Usually, most shadowruns take place indoors. Since indoors means walls and rooms, you won't have the same opportunity to see a spell like you would to hear the sounds of combat.
QUOTE
You would be surprised how not so obvious full auto fire can be in an environment that has a lot of noise (though you are right that it is obvious, it may be overlooked due to other noise sources or things occurring), or an environment where decent ranges are a factor (having been on the receiving end of such an occurrence and only hearing the slap of the rounds as they pass by - thank goodness for the tracers that accompanied them so as to have SOME idea of origin point). As for whether or not Suppression breaks suspension of belief, that depends upon whether you actually know what suppression does (Hollywood notwithstanding). It works well for what it is designed to do. It makes the discharge less obvious, though if you know what to listen for you can [potentially] still hear it. But at range, it can be missed, especially if the shooter uses subsonic ammunition (no telltale of supersonic boom as the ammunition breaks (or doesn't, in this case) the speed barrier).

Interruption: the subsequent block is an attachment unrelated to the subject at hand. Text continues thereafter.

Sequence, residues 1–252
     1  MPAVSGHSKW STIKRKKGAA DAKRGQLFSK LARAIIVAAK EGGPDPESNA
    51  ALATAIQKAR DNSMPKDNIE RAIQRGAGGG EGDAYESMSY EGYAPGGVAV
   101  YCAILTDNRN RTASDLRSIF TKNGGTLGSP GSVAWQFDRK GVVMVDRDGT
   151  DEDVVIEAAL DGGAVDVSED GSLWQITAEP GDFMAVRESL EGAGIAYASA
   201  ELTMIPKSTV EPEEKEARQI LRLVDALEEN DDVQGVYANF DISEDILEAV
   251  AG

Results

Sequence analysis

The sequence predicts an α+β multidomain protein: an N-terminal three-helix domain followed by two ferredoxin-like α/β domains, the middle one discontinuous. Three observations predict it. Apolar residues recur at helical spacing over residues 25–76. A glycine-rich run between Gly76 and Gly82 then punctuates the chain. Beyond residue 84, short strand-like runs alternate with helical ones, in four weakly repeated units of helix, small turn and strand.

Yeah, Hollywood sound suppression isn't at all believable. And unless I miss my guess, suppressors have a very short lifespan; the gel in them only lasts for a short while. A fully automatic weapon can blow through it's usefulness in a few seconds in some cases, depending on how good the suppressor is. And even then, it's still noisy.

They are good at flash suppression, as I recall; trying to track someone by muzzle flash is really, really difficult if they have a suppressor. But then again, there are walls for that. wink.gif
sk8bcn
QUOTE (Stahlseele @ Oct 8 2014, 06:19 PM) *
congratulations, you have managed to increase the TN to resist drain by 1 or 2 points, depending on the spell and the force the spell is used at. If the spell is used on an even number, the rounding makes no difference whatsoever and if it's used on an uneven force number, it's a +1.


Yes I know what implies to divide by 2 and round up. well:

QUOTE
A fix for magic is not making the drain harder to resist, but making the actual CASTING harder to do and the caster has to resist drain even if he does not manage to cast the spell at all.